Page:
You would think that it would be easier to keep up with a corpse, however Towne’s body is two steps ahead of them just as her columns and sources were always two steps ahead of her subjects. Chasing down a body and a long list of celebrities shows both Heat and Rook that there’s a lot of unfinished business between them but they will have to wait for the case to be over before they will have a chance to deal with their own issues.

It surprised me that it still took a while for the parallels between the characters of book and the show to fade given that I had previously read Heat Wave (although that was several months ago now). There were also quite a few more instances where the book called to mind scenes in the show where elements of the novel, then “in progress,” were mentioned (specifically a scene involving how to escape a chair to which someone is duct taped).

Even with all of the references between the show and novel, after a certain point, they do fade into the background as the action-packed story takes over. There may be a few too many elements twisting around in the plot and getting tangled together, but that is what can make this genre so much fun. It is a weird combination of hoaky one-liners and a predictable, albeit complicated, plot that turn this into an enjoyable novel. The reader is not too concerned with figuring out the plot (and there are times when it twists around on itself so hard it could pull a muscle), so they are free to relax and experience the well-plotted pace that comes with the experience of writing for television.

The character development within the novel is hardly worth mentioning. But then, the characters of the novel are not the only characters at hand. The character of Richard Castle is given more depth as the novel shows insight into the “author’s” mind. It may not register for those who are not fans, but it wouldn’t distract from their enjoyment either. Overall, the novel was just as much fun as watching an episode and actually feels like it could have been pieced together from passed-over scripts.


Heat Wave

Book Review – Heat Wave by Richard Castle

Just as books have been the inspiration for film and television, there have been instances where movies or television series have spawned related book series. In my opinion, the toughest of these transitions to pull off are the novels from a television series. As a fan of ABC’s Castle from the first episodes, I was reluctant to pick up Heat Wave but now I’m glad that I did.

On the show, bestselling murder mystery novelist Richard “Rick” Castle crosses paths with New York Police Detective Kate Beckett and inspiration strikes. He tags along on the cases that cross her desk in the name of research and development for his new book, Heat Wave, throwing in his two cents worth and exchanging quips with the initially annoyed and begrudging detective.

I didn’t realize until I finally caved and read Heat Wave how much the characters and plot would mirror those of the show. The Beckett inspired Nikki Heat is forced to put up with journalist Jameson Rook while he tags along to research an article about New York’s finest. The case at hand involves a real-estate big-wig whose falling financial situation is eerily mirrored when he’s tossed from his sixth story balcony.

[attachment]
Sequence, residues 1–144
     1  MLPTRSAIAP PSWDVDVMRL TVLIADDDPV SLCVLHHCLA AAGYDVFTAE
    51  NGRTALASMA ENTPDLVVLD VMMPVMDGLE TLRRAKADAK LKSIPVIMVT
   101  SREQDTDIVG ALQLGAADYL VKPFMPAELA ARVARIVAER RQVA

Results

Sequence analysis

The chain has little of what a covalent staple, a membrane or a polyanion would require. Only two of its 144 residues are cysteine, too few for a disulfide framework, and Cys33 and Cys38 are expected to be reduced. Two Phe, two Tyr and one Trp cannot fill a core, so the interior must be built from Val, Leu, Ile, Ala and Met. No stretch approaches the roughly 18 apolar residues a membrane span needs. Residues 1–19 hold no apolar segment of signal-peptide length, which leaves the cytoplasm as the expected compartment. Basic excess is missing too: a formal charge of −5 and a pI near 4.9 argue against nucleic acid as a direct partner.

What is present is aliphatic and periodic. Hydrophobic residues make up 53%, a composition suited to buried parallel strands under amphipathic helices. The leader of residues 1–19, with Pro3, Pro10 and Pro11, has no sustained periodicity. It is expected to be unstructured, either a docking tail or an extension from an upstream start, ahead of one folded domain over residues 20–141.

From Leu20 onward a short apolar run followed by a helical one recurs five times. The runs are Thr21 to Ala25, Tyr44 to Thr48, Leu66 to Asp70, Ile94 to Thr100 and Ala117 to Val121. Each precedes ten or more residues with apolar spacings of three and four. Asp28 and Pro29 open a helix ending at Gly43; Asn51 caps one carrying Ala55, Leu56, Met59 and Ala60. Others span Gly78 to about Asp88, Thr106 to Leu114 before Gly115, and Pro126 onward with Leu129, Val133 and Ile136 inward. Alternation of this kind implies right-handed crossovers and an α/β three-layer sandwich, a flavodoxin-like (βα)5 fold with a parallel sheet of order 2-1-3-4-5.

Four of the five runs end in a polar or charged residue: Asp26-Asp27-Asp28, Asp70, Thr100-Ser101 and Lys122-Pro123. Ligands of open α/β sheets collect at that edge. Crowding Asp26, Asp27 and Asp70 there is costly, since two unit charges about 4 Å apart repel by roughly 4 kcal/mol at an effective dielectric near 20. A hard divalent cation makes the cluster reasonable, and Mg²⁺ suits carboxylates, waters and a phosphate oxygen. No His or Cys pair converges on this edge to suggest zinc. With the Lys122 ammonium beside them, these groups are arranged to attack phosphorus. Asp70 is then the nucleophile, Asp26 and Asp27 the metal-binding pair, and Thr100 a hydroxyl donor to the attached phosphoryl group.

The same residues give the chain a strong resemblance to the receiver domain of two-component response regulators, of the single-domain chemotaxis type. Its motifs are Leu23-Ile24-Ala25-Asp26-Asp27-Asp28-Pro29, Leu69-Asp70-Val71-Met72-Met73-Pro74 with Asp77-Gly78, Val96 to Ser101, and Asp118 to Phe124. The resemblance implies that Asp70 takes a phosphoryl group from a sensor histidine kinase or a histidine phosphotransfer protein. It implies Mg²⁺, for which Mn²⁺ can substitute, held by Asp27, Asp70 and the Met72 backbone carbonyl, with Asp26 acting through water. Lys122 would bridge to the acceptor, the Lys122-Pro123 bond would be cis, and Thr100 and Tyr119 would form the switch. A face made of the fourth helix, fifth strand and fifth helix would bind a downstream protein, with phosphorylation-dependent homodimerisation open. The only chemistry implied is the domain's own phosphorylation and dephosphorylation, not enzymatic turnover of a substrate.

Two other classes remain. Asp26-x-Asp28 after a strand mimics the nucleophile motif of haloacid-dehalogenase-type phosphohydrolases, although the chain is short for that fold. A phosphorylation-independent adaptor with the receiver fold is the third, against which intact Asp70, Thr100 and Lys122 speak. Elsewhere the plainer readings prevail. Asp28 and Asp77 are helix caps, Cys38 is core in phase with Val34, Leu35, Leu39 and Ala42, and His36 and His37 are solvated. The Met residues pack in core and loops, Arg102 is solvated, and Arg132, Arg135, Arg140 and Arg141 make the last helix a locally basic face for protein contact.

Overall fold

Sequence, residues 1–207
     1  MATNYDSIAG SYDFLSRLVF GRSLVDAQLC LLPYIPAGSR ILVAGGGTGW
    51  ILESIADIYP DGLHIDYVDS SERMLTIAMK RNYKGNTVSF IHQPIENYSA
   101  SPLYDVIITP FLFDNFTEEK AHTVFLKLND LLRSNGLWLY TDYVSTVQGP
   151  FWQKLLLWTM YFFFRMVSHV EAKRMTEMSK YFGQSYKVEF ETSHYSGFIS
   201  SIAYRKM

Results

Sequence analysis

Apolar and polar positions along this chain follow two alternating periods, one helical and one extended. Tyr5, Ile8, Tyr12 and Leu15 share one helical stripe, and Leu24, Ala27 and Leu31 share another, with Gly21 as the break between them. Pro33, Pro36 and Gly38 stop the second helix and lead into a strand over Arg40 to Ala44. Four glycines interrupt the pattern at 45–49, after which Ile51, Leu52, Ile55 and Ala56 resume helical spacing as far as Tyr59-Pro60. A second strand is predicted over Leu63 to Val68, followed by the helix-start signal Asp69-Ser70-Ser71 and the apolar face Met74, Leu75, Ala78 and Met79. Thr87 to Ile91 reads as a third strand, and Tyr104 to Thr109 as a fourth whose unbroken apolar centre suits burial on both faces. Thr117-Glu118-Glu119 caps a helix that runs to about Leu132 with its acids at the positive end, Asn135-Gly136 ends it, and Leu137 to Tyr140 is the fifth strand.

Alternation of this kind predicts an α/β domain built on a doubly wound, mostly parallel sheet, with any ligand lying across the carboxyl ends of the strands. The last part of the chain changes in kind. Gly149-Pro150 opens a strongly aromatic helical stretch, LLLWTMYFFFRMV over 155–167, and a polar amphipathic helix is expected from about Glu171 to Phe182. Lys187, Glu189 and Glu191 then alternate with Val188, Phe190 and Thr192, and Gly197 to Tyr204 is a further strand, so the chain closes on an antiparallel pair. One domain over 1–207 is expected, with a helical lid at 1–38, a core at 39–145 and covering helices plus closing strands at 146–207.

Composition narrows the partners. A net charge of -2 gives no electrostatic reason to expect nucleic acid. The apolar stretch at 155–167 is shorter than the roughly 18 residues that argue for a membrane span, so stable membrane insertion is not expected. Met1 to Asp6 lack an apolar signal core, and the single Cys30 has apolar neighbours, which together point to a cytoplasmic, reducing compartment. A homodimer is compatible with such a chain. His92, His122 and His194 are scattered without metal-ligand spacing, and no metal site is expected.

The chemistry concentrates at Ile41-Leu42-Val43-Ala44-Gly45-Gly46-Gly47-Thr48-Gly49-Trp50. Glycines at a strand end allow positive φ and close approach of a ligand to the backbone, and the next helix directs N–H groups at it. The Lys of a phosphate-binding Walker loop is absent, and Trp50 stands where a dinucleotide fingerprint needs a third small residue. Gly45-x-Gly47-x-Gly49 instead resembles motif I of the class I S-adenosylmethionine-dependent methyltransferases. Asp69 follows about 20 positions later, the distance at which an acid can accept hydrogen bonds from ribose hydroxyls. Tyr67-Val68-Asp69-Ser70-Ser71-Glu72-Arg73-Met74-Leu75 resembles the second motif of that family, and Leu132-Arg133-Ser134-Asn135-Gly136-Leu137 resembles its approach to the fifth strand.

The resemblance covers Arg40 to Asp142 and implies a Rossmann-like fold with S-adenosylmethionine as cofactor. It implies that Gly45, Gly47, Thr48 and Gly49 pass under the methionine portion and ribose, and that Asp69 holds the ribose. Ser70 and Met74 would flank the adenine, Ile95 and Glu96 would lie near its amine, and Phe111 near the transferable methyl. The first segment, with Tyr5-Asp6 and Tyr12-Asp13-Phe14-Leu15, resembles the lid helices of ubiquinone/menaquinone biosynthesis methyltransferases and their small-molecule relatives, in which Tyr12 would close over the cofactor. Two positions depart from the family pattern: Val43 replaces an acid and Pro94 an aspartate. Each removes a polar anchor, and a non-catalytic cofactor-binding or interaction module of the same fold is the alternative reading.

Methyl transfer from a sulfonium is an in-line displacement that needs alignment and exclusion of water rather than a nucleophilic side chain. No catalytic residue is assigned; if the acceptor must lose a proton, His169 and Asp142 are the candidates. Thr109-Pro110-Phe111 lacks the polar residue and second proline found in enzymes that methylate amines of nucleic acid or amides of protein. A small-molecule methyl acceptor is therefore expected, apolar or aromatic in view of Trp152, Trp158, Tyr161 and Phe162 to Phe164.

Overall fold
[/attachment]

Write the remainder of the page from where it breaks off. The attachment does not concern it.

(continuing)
The names are different but in so many ways the characters are exactly the same as those of the television show that it can be distracting. Of course, if the reader isn’t familiar with the show and has no frame of reference, the premise is only as confusing as it usually is at the beginning of a novel when you’re still figuring out who’s who.

Despite a choppy beginning that jumps in ways that would make more sense visually edited together, Heat Wave finally develops a pace that works to reveal a complex set of circumstances that take time to carefully piece together. I was a little surprised at how short the novel was, mostly because so much story was crammed into only about two hundred pages. There’s something to be said for being concise, but Heat Wave could have taken its time a little more, built up to major events and revelations, worked to even out the chapters and have them flow better.

As a veteran of the Murder, She Wrote inspired novels, there’s something about Heat Wave that works better, that makes more sense. The Murder, She Wrote books follow the show’s main character of Jessica Fletcher as bodies drop around her (a phenomenon that has never really made sense). The books do not make reference to the events of the show and the show makes no reference to the books; the books are just another vehicle to capitalize on and continue the success of the show.

With Castle and Heat Wave however, the book is a part of the show. The show makes reference to the novel’s characters and even to specific scenes, and with the novel being adapted into a film within the show, the psychology behind the novel’s creation is playing a larger role on the show.

Heat Wave has a story and characters that allow it to stand without Castle’s support but it is at its best when supplementing the slightly campy ABC dramedy. The sequel, Naked Heat, was even released to coincide with the show’s season three premier episode.


Naked Heat